Like a Rhinestone Cowgirl

Kiva James Lindaman keeps the glitz and glamour of vintage cowgirl fashions alive while serving her Arizona community with a smile.

By L.A Sokolowski-Pomeroy


If Ginger Rogers did everything dancer Fred Astaire did, but backwards and in high heels, then Dale Evans rode and roped as well as her Western films co-star Roy Rogers, only in fringed skirts and fancier boots. Dale embodied the image of the American cowgirl, with one hand confidently on the reins and flashing a smile as bright any of her seamlessly tailored, embroidered outfits.

But if you think old-school Hollywood glamor and horsemanship are too tall a set of boots to fill today, you haven’t met Scottsdale, Arizona, horsewoman Kiva James Lindaman, president of the Cowgirls Historical Foundation.

The former roper, team penner and pro rodeo queen doesn’t just preserve the spirit and style of the American cowgirl through charitable works in the community; she does all of that while actually wearing (among others) Dale Evans’ very own turquoise-blue suit.

Kiva, 34, was in a saddle before she was in kindergarten. Her dream of becoming a cowgirl spurred her to join 4-H and go for the “glitz and glamor” of showing horses, which led to six qualifying trips to the Arizona State Fair and a slew of state Western riding championships.

After the trophies came the tiaras. Kiva entered rodeo queen pageants and earned several crowns, including one she still calls dearest to her heart—2001 Flagstaff Pine Country Pro Rodeo Queen —and she served on the board of her rodeo association while attending Northern Arizona University.

For the past seven years, the little girl who dreamed of growing up to be a cowgirl has presided over the Cowgirls Historical Foundation, a collection of “women of accomplishment” who volunteer as Western heritage ambassadors, perform as drill team riders and trick ropers while raising funds and awareness for social causes, and do so while curating some of the most extraordinary vintage fashions ever worn over the last half-century by American cowgirls and sweethearts of the rodeo.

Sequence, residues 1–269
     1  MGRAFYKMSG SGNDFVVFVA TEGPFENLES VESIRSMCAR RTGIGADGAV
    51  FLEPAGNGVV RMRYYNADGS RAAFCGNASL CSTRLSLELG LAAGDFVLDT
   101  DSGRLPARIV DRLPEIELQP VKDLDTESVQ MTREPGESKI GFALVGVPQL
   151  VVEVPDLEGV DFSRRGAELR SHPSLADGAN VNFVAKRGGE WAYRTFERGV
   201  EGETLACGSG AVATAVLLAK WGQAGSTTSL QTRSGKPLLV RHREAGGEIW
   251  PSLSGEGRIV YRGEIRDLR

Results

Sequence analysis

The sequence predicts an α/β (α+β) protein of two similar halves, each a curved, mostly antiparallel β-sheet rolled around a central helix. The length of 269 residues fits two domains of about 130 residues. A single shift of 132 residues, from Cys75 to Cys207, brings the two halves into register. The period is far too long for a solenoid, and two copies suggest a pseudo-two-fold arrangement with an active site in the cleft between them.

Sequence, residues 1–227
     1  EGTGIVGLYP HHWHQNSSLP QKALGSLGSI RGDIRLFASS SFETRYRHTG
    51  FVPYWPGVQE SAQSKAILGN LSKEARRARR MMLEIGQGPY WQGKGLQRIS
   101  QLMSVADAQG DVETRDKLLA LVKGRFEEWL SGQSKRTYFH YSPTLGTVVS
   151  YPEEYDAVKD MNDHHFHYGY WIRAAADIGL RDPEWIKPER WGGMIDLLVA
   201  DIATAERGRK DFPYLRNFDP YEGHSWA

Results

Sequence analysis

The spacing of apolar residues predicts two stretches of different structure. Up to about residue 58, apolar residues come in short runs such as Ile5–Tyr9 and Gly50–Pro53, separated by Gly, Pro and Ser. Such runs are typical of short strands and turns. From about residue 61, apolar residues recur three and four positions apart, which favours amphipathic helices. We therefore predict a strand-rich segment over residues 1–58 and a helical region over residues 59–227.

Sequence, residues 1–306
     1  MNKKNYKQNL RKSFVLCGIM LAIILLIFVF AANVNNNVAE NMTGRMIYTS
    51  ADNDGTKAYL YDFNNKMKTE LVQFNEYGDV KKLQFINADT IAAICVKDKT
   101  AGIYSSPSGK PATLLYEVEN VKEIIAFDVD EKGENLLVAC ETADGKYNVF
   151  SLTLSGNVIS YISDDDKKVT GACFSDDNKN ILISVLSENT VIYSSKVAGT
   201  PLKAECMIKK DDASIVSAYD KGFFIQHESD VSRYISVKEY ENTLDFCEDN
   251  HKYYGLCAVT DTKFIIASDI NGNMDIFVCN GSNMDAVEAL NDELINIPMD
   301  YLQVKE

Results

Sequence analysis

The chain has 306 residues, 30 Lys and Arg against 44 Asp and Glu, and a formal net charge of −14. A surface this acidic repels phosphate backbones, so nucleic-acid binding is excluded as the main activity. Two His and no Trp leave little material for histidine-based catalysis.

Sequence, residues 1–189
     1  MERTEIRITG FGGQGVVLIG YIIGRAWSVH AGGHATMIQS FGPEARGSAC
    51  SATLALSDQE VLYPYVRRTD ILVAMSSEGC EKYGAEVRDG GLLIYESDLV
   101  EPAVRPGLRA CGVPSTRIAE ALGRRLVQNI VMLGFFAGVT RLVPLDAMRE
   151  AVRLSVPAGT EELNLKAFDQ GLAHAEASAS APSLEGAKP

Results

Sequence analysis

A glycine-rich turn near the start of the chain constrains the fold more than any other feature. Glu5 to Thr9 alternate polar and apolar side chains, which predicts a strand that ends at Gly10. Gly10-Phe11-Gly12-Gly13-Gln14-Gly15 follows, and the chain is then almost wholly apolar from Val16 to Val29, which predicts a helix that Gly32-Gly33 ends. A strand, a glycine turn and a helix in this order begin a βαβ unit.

“Hundreds of service hours are invested each year in community service,” Kiva said, explaining the CHF mission. “Linking up to assist associations with fashion shows, auctions, skits and education programs to benefit a community is a great honor.”

CHF Cowgirls have ridden in eight Rose Bowl Parades, earned a Community Hero Award from the Veterans Medical Leadership Council, and performed for the benefit of literacy and educational programs including the Special Olympics, National Day of the Cowboy, Kicking Up Kindness Buckaroo Ball, Debby Gaby’s Catwalk for Charity, Florence Crittenton’s Team Up for Girls Luncheon, the Phoenix Fire Department and Phoenix Suns Charities.

This spring, they will partner with Scottsdale’s Museum of the West for its second annual Vintage Vogue Fashion Show, and perform at the 54th Lost Dutchman Days Rodeo, sanctioned by the Grand Canyon Pro Rodeo Association, at the Apache Junction Rodeo Park in Arizona.

“My driving force is seeing what CHF can bring to people from all walks of life,” Kiva said. “Now, more than ever, there is a lack of appreciation for farming, agriculture and our Western heritage.

“There’s a disconnect from ‘farm to table.’ I don’t think there is enough awareness of how food gets to supermarkets and the importance these industries have in our lives. Recreational horse sports are also born from these industries, so it’s important to celebrate this and educate people.”

The calling is near and dear to Kiva’s heart.

“People who serve others end up serving themselves with a more content and happier heart,” she said. “Being a cowgirl is a pure way of life. We have strong values. We love our families, our animals and this land.”



This is an excerpt from the full article—get the whole story in the Spring 2018 Chrome magazine, which is sent to all current APHA members. Not a member? Join or renew at apha.com/join.


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